The old man from the Age of Kodak Panatomic

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Grey tonality depends on color variation, so I recommend LAB color as another tool in the bells-and-whistles department. Dan Margulis wrote a brilliant book on this.

 

An example with the CV15:

 

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Carsten Ranke Photography

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Well I'd say shoot colour and use Silver Efex Pro for the conversion. Its not that you can't do similar things in Photoshop because Silver Efex is only using the capabilities of Photoshop anyway as a plugin. It can't create more tones, or smoother tones, etc.

 

But what it can do is cycle through the options available to you much quicker and in a more integrated way without the need for using Layers in Photoshop. As such you can refine the image with much greater control over all the parameters in one go. Add to that the presets for different films, which OK you may not decide to go with, but they offer quick tonal options to see what suits the image. Or you have the different processing options, from 'Pull' process all the way to 'Tintype' or 'Holga'. Its a powerful package that means you can spend more time perfecting the image to the very last degree.

 

Steve

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Real macho men with hair on their chest (and their pants) make their pictures inside caves with mammoth grease paint.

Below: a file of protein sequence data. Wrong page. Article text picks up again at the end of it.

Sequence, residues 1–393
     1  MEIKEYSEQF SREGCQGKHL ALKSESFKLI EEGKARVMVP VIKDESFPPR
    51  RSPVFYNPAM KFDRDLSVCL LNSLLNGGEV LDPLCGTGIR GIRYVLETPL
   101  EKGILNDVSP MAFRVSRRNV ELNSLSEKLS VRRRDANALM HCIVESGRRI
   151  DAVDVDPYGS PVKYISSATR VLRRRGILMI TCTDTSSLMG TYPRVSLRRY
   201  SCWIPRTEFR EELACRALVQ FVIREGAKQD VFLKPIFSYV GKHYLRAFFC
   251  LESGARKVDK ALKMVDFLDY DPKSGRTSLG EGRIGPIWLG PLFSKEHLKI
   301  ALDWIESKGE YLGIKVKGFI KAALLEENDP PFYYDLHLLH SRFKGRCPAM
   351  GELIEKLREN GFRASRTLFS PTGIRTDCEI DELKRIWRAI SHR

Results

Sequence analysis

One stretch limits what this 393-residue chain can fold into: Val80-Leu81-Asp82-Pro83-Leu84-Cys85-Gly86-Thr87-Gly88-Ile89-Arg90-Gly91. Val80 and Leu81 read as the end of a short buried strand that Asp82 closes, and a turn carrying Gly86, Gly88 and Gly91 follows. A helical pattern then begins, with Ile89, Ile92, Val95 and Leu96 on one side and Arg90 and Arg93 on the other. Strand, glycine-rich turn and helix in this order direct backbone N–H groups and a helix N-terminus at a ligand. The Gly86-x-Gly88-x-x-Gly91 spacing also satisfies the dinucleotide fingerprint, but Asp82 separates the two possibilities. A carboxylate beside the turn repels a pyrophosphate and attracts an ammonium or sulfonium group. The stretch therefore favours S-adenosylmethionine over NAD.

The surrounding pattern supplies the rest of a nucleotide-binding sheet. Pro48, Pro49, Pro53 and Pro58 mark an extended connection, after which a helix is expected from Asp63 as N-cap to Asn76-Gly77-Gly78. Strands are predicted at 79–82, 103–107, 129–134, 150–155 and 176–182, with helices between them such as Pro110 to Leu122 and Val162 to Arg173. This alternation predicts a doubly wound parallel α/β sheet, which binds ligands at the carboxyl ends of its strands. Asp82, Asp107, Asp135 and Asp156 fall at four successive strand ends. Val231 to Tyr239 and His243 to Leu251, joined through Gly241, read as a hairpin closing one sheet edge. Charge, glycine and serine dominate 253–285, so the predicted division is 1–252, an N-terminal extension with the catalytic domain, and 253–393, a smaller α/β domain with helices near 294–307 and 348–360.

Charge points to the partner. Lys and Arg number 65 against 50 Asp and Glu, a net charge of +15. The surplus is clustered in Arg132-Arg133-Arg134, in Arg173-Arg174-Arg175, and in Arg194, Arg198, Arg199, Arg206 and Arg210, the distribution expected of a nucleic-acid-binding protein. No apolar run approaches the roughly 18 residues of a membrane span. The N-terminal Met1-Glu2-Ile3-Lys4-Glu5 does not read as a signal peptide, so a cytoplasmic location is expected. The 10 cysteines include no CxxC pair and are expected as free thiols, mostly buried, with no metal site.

The old man from the Age of Kodak Panatomic

Now why did you have to post that, Lars? I was trying to keep my vice a secret!

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I would put in a good word here for a jpg workflow. Simplicity is a value. We hear of course that real macho photogs never shoot jpgs, but that is nonsense. Real macho men with hair on their chest (and their pants) make their pictures inside caves with mammoth grease paint.

 

The old man from the Age of Kodak Panatomic

 

JPEG's for real men? JPEG's for macho photographers? I can imagine you in the age of film, throwing a roll casually across the counter at the local chemists and demanding in a mammoth deep voice that your slides come back mounted.

 

I for one do have a wash every now and again (to remove the stink of mammoth) and retain the work ethic with digital that I had when using a darkroom. I like full control over the image by using .DNG, not necessarily the quickest option, and I may miss the odd mammoth hunt by doing so, but fortunately Tesco is always open.

 

Steve